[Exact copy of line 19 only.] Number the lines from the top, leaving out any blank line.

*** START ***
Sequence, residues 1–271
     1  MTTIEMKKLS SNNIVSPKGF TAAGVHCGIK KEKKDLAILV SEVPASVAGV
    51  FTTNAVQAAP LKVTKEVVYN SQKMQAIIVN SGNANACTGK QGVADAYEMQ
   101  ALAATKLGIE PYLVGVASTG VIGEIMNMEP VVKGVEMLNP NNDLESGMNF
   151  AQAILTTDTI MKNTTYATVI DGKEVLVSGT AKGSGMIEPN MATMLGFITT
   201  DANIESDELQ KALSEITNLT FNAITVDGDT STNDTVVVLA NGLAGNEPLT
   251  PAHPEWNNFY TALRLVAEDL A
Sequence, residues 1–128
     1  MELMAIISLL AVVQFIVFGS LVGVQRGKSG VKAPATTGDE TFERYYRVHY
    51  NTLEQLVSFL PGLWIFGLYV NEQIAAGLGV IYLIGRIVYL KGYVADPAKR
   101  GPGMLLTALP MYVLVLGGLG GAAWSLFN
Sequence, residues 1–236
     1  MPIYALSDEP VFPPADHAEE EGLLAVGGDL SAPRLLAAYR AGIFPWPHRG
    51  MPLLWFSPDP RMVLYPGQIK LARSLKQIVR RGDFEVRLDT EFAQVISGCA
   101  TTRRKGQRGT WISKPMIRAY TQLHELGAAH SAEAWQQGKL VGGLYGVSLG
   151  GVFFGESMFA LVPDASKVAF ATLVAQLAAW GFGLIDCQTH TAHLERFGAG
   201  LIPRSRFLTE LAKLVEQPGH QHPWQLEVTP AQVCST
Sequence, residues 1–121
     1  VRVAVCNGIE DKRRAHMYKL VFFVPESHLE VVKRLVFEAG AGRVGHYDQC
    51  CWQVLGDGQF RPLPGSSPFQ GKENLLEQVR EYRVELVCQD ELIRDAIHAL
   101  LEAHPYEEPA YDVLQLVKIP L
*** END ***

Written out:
     1  VRVAVCNGIE DKRRAHMYKL VFFVPESHLE VVKRLVFEAG AGRVGHYDQC